Sravanabelagola, literally meaning the ’Monk of the White Pond’ is one of the oldest and most important Jain Pilgrim centres in the country. Its antiquity dates back to 297 B.C., when Chandragupta Maurya, the founder of the Mauryan Empire renounced his guru, Bhagwan Bhadrabahu Swami, to become a Jain ascetic. He led a recluse life and breathed his last at the Chandragiri hill, which is named after him.
For members of the peace-loving, nonviolent Jain faith, this is one of the oldest and
most important pilgrimage centers, famous for its colossal 18m (60-ft.) statue of Lord
Gomateswara, said to be the tallest monolithic statue on earth, reached by climbing
the 635 steps that lead to the hill’s summit. Naked and imposing, the statue is a symbolic
representation of worldly renunciation.
Commissioned in A.D. 981, the Statue of Gomateswara is a representation of
Bahubali. Son of the first Jain Tirthankara, Bahubali renounced his kingdom and
sought enlightenment by standing naked and motionless for an entire year while contemplating
the meaning of life. Seen in detail on the legs of the statue, the creepers
and plants twisting their way up his body are symbolic of his motionless mission of
spiritual discovery. A special celebration is held here every 12 years, when the giant
monolith is bathed with bucketfuls of milk and honey and other condiments. The
next ceremony takes place in 2017.
The temple atop the 470ft high Indragiri hill is dedicated to Lord Gomteshwara or Bahubali, the younger son of Jain emperor and the first Jain tirthankra, Virshaba Deva (Adinath). It is world renowned for the 58 feet and 8 inches tall sculpture of the Jain sage Gomateswara, which is regarded as the tallest monolith in Asia. The splendidly sculpted monolith is set in the middle of the temple courtyard encircled by a gallery enshrining the images of various Jain tirthankars. It was carved out of a single block of granite by sculptor Aristenemi in 981Ad and installed in 983AD by Chamundaraya, a powerful minister of Ganga king, Rajamalla IV. The statue stands uprightin the posture of meditation known as Kayotsarga, indicating perfect self control and its nakedness suggests complete renunciation of worldly things. It has curly hairs, long and large ears and eyes are open, gazing at the world with detachment. The perfectly chiselled facial features with serene smile embody calm vitality. The figure has no support from the thighs upwards and shows an ant hill growing in the background and creepers and snake emerging from it. The intricately carved creepers entwined on the legs and arms of the figure, culminate as a cluster of flowers and berries at the upper portions of the arms. The image is shown standing on a beautifully carved lotus pedestal.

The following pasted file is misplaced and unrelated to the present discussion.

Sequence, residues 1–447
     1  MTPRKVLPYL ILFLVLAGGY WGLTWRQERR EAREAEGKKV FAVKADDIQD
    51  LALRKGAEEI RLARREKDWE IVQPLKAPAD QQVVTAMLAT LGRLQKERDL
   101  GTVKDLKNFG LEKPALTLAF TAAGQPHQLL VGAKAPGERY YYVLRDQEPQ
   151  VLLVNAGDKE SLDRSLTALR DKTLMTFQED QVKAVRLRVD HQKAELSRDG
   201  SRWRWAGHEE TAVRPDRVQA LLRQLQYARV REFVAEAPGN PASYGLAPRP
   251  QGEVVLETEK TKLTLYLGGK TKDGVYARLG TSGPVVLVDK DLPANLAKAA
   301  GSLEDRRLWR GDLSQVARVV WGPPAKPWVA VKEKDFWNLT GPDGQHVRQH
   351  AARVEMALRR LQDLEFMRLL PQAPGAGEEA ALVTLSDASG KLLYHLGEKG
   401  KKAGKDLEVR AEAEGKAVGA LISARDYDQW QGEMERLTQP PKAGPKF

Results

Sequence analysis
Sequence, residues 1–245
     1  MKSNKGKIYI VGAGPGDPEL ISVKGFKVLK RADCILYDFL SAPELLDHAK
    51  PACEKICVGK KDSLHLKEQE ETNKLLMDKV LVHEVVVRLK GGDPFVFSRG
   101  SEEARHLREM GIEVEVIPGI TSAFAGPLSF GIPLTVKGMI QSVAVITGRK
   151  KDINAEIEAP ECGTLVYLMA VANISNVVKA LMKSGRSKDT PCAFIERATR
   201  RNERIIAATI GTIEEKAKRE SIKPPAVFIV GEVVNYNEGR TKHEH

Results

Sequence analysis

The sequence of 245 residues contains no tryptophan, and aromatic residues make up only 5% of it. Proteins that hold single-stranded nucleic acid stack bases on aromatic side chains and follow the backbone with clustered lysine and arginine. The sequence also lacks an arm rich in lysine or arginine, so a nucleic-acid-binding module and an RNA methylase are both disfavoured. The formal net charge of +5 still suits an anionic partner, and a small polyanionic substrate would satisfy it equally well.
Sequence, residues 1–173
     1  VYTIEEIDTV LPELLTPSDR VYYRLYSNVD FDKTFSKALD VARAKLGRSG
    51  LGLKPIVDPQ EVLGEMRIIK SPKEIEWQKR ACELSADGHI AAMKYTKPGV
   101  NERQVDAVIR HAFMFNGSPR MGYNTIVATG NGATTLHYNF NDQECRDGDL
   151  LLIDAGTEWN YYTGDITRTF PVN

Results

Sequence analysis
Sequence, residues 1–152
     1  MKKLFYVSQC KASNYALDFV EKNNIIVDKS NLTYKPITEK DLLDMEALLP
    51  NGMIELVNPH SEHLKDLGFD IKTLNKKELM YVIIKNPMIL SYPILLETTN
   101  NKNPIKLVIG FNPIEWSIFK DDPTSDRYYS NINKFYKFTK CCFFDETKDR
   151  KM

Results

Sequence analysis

The sacred shrine is accessible by a flight of 641 rock-cut steps. One can also hire a doli or chair to reach the shrine. On the way up, there are a number of Jain bastis or temples.